The Islamic State, al-Qaeda-linked groups, Boko Haram and other jihadist movements are protagonists in many of the world’s deadliest crises, complicating efforts to end them. We examine the evolving threat posed by these groups – both in warzones and in other places where they recruit fighters or perpetrate terrorist attacks. Our work draws on years of field research across the Middle East, Africa, Asia and Europe. Through in-depth and comparative analysis of these groups’ tactics, strategy and ideology, and of the local conditions and wider geopolitical currents that have enabled their growth, Crisis Group aims to inform policies on how best to tackle or contain the threat.
The Islamic State, al-Qaeda-linked groups, Boko Haram and other extremist movements are protagonists in today’s deadliest crises, complicating efforts to end them. They have exploited wars, state collapse and geopolitical upheaval in the Middle East, gained new footholds in Africa and pose an evolving threat elsewhere. Reversing their gains requires avoiding the mistakes that enabled their rise.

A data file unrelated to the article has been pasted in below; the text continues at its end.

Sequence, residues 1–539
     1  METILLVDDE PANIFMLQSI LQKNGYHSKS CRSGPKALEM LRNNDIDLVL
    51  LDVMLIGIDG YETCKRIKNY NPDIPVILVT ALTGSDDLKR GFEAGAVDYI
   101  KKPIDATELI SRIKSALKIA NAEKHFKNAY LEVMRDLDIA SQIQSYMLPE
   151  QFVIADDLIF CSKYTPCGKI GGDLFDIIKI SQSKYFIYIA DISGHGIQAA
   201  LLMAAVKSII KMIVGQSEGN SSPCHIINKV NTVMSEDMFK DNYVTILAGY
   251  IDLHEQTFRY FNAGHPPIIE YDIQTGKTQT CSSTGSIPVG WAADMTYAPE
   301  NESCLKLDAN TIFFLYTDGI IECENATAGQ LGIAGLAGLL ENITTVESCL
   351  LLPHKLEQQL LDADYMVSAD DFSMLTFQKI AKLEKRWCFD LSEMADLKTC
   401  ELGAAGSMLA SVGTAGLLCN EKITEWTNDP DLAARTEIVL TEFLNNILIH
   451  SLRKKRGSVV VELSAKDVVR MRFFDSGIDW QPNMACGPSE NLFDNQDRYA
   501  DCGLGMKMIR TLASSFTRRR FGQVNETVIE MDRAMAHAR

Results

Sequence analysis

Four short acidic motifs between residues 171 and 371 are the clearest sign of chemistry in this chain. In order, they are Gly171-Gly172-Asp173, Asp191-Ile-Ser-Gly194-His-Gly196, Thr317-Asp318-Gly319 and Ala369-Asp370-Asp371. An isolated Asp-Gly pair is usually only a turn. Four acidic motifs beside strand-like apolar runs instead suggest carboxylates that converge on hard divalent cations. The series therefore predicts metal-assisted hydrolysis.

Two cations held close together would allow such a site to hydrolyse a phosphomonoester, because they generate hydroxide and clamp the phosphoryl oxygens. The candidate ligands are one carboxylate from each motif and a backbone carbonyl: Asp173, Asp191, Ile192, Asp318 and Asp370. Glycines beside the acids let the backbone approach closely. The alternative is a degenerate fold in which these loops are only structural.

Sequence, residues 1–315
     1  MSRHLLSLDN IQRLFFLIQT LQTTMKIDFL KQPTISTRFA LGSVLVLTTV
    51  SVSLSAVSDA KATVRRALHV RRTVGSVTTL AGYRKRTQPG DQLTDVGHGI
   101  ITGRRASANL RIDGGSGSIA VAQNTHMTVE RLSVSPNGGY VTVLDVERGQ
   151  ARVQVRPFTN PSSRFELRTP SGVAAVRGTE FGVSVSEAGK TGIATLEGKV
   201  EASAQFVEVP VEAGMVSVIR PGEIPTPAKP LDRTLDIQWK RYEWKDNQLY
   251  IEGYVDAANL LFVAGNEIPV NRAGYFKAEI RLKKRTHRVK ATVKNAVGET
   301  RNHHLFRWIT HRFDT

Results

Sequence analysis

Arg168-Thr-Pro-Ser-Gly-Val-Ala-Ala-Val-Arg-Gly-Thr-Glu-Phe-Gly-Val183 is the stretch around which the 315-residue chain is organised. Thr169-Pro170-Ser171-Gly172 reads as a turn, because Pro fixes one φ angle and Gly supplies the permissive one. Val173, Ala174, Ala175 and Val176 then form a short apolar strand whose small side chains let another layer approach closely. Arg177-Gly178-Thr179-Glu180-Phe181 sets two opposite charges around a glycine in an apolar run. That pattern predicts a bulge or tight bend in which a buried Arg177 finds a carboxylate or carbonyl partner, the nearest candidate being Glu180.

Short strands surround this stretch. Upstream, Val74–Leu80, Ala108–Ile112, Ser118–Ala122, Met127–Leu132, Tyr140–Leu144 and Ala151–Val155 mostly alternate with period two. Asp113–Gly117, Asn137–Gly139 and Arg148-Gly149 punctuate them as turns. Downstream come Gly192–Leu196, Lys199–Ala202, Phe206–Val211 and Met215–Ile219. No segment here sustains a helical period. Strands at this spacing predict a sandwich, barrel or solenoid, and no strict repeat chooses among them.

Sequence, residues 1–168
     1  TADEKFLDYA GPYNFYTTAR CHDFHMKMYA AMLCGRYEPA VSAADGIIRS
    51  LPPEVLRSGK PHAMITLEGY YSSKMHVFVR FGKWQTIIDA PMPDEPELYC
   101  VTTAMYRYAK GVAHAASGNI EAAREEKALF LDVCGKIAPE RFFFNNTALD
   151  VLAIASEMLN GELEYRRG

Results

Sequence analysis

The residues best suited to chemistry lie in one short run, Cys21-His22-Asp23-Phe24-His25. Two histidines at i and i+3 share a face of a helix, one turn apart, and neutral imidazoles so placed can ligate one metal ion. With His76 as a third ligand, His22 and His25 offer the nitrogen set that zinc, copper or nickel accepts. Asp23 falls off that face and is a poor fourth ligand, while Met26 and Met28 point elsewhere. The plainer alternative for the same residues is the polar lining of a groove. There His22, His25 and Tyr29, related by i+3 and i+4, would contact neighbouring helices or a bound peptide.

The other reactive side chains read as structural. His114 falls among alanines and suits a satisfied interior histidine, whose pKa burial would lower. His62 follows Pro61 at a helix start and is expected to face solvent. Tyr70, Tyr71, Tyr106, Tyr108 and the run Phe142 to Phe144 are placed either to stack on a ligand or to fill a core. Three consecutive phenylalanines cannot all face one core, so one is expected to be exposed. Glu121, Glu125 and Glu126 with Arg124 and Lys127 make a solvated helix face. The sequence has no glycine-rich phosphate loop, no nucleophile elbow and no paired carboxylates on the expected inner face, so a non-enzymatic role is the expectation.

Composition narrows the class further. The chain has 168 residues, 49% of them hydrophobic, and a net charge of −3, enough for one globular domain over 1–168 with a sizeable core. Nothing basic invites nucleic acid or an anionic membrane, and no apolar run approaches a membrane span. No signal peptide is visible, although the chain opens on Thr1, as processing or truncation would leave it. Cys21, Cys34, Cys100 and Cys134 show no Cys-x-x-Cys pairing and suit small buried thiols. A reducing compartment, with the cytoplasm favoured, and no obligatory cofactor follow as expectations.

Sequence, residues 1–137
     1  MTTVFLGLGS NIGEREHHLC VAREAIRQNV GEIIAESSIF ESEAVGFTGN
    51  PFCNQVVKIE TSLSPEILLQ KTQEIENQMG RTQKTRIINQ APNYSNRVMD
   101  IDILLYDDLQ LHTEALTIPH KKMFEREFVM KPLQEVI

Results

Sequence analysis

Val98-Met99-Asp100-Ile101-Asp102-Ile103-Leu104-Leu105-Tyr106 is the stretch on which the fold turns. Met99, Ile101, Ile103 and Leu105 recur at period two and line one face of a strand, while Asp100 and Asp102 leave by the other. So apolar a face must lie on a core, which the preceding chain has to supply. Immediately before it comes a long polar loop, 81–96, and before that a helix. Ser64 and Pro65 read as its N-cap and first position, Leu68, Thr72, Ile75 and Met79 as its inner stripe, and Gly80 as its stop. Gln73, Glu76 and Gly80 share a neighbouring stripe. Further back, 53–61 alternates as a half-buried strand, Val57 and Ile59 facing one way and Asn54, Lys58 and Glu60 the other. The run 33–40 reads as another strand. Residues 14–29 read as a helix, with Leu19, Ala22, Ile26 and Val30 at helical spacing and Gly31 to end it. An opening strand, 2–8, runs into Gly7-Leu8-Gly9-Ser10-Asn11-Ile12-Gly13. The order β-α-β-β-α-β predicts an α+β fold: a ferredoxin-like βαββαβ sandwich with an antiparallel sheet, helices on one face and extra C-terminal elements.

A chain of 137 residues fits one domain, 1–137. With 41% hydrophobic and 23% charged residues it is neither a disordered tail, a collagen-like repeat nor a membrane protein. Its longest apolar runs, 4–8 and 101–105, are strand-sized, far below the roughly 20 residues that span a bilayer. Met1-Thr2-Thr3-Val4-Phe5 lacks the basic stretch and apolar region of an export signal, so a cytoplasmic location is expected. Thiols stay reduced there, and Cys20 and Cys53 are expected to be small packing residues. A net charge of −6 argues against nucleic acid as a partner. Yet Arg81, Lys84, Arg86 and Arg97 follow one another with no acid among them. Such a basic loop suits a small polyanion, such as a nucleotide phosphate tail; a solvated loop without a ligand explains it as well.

Are we building any kind of sustainable peace [in Mali] through this kind of process that gives the most resources to the guys with guns?
The concern in Washington [about Al-Shabaab in Somalia] has been mounting for some time now ... U.S. special forces are already on the ground. Drone attacks have been scaled up.
The [recent U.S.] raid ignores the local political context in Yemen, to the detriment of an effective counter-terrorism strategy.
The use of U.S. troops and the high number of civilian casualties . . . are deeply inflammatory and breed anti-American resentment across the Yemeni political spectrum that works to the advantage of AQAP.
The threat is not because of [Harakah al-Yaqin's] military strength, it's because of what they represent, the potential of [Myanmar] facing a very well organized, violent jihadist movement.
The longer the war continues in Yemen, the stronger al-Qaeda is likely to get.